Legislators pushing for video of floor sessions say costs inflated

By Len Lazarick


Dels. Kathy Szeliga and David Moon

Dels. Kathy Szeliga and David Moon

The conservative Republican and liberal Democrat pushing together for video streaming of General Assembly floor sessions also agree that the estimated costs are far too high.

In the fiscal note to House Bill 316, legislative staff estimates it would cost $1.2 million to install and operate next year, and then over $400,000 per year to staff and maintain the system.

“With modern technology you can do it for much, much less,” House Minority Whip Kathy Szeliga told the House Rules Committee Friday. She believes the Senate chamber is already wired for video.

Del. David Moon, a Montgomery County Democrat co-sponsoring the bill, said, “I think the fiscal note is assuming a Cadillac-style implementation of how to do this to make it look like C-Span.”

The fiscal note doesn’t say what sort of equipment would be bought for $917,000. But it does estimate that the legislature would need to add four full-time positions with an average salary and benefits of $69,000 each — despite the fact that the Maryland General Assembly meets for only 90 days. For the first 30 days, floor sessions seldom last more than a hour, and they take only a few hours a day for much of the rest of the session.

Most states now have video   

“I think we are in the far minority of states that don’t have video feeds of even the floor proceedings,” said Moon. “Yet we’re trying to brand ourselves as a forward looking state.”

Maryland has had live audio of floor sessions for more than a decade, but debates are difficult to follow since rules in both chambers forbid the use of proper names during debate.

“Constituents do find the floor proceedings difficult to follow,” Moon said.

Damon Effingham of Common Cause testified in support of the bill, and said, “The fiscal note seems wildly overinflated.”

Moon also offered an amendment to the bill taking out the requirement that committee voting sessions be videoed. All committee hearings in both houses including subcommittees are now video streamed and archived, as was the hearing on HB316.

Unusual alliance of right and left

There was considerable joking in the Rules Committee about the unusual alliance between Szeliga and Moon on the bill.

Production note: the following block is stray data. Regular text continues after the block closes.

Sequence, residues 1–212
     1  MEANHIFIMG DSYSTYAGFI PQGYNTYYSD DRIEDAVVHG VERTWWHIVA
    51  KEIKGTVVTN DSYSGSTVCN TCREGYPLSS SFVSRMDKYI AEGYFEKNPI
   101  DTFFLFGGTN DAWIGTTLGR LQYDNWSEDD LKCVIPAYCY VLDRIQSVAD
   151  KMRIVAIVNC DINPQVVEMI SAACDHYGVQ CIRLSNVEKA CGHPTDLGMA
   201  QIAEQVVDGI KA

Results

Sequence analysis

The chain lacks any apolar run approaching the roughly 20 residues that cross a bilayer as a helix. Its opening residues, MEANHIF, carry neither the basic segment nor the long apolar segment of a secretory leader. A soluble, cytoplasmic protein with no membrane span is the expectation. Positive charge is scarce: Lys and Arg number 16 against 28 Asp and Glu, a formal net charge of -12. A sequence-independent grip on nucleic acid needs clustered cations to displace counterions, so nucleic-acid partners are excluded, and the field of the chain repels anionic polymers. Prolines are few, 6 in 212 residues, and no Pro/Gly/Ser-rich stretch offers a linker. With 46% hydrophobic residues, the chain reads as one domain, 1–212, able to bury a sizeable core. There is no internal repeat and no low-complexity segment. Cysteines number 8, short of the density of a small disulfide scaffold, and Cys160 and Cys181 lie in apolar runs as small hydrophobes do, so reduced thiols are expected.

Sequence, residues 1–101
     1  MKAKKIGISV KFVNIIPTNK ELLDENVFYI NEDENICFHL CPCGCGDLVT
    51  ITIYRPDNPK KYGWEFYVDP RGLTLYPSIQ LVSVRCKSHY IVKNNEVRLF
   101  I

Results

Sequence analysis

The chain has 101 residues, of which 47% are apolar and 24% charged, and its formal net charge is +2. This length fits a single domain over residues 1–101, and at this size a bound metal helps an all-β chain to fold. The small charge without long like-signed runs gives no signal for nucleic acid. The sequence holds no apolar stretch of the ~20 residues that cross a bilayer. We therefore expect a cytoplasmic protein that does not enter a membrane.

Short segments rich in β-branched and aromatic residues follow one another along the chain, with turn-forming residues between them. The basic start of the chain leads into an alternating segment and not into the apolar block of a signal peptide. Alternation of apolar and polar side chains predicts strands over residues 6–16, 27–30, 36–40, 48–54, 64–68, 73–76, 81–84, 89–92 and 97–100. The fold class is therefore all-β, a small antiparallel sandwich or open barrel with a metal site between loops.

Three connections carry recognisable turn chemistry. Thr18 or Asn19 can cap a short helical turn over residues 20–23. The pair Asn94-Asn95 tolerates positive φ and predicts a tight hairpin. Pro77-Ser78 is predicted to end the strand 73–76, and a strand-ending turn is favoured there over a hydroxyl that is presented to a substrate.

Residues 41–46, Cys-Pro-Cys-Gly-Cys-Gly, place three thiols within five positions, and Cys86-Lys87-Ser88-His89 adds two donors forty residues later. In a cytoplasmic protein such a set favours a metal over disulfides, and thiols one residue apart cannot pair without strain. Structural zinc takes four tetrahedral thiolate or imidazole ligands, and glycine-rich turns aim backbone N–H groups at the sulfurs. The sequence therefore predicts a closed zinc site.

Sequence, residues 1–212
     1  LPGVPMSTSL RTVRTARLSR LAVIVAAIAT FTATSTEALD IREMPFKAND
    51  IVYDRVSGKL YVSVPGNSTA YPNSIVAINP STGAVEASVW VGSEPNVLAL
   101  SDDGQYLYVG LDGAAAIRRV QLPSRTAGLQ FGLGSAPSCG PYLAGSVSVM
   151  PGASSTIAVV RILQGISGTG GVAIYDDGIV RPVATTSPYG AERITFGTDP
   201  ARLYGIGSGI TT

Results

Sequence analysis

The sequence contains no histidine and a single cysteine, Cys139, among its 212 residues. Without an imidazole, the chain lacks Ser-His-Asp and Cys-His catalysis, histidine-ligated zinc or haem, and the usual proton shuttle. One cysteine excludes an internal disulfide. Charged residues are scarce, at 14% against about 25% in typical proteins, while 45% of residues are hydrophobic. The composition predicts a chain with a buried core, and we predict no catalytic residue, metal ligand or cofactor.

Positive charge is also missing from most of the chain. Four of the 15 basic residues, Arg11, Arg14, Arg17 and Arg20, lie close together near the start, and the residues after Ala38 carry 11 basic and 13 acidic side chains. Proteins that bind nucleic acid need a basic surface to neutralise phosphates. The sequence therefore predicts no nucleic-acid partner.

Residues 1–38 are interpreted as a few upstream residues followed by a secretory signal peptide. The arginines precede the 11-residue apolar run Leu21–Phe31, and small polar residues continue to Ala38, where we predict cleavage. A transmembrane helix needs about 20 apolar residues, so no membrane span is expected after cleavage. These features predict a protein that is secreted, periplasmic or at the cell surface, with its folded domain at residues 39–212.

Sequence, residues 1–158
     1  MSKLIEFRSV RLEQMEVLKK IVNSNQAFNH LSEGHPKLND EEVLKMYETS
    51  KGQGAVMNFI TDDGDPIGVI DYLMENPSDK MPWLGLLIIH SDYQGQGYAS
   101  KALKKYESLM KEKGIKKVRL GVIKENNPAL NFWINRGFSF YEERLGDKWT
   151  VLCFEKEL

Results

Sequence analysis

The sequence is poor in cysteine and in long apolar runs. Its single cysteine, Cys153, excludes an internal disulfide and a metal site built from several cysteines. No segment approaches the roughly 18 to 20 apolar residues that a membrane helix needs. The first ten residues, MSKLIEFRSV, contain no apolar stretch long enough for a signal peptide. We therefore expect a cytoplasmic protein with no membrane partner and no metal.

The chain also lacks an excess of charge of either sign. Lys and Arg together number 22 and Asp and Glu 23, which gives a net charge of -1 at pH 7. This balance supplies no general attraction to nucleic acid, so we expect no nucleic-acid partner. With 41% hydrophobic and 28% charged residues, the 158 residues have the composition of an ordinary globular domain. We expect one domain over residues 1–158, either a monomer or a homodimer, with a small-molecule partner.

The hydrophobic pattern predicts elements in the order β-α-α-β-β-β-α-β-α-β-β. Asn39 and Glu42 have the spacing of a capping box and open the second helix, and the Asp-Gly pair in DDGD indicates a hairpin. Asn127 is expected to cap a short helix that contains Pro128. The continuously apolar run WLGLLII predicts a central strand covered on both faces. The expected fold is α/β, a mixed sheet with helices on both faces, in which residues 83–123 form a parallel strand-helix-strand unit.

“I won’t tell anybody in the district,” joked Del. Sheila Hixson, the House Ways & Means chair who represents District 20, the same liberal Takoma Park-Silver Spring area as Moon. “Our district has a reputation.”

Del. Frank Turner, D-Howard, vice chair of Ways & Means, raised the problem of delegates playing to the cameras, apparently referring to times when TV news cameras are in the hearing rooms.

“I think our speaker, our fearless leader, Michael Busch, would handle that,” Moon said.

“I think people you’ve never seen get up before will be getting up to get their 15 minutes of fame,” Turner said.

Del. Tony O’Donnell, R-Calvert, the former House minority leader, commented, “I’m glad this is being recorded and broadcast so the citizens of Maryland can see what I’ve put up with for 22 years.”

Sen. Michael Hough, R-Frederick, has introduced a similar version of the video bill, SB467, as have Dels. Robin Grammer and Ric Metzgar, both Dundalk Republicans, HB308.

About The Author

Len Lazarick


Len Lazarick was the founding editor and publisher of MarylandReporter.com and is currently the president of its nonprofit corporation and chairman of its board He was formerly the State House bureau chief of the daily Baltimore Examiner from its start in April 2006 to its demise in February 2009. He was a copy editor on the national desk of the Washington Post for eight years before that, and has spent decades covering Maryland politics and government.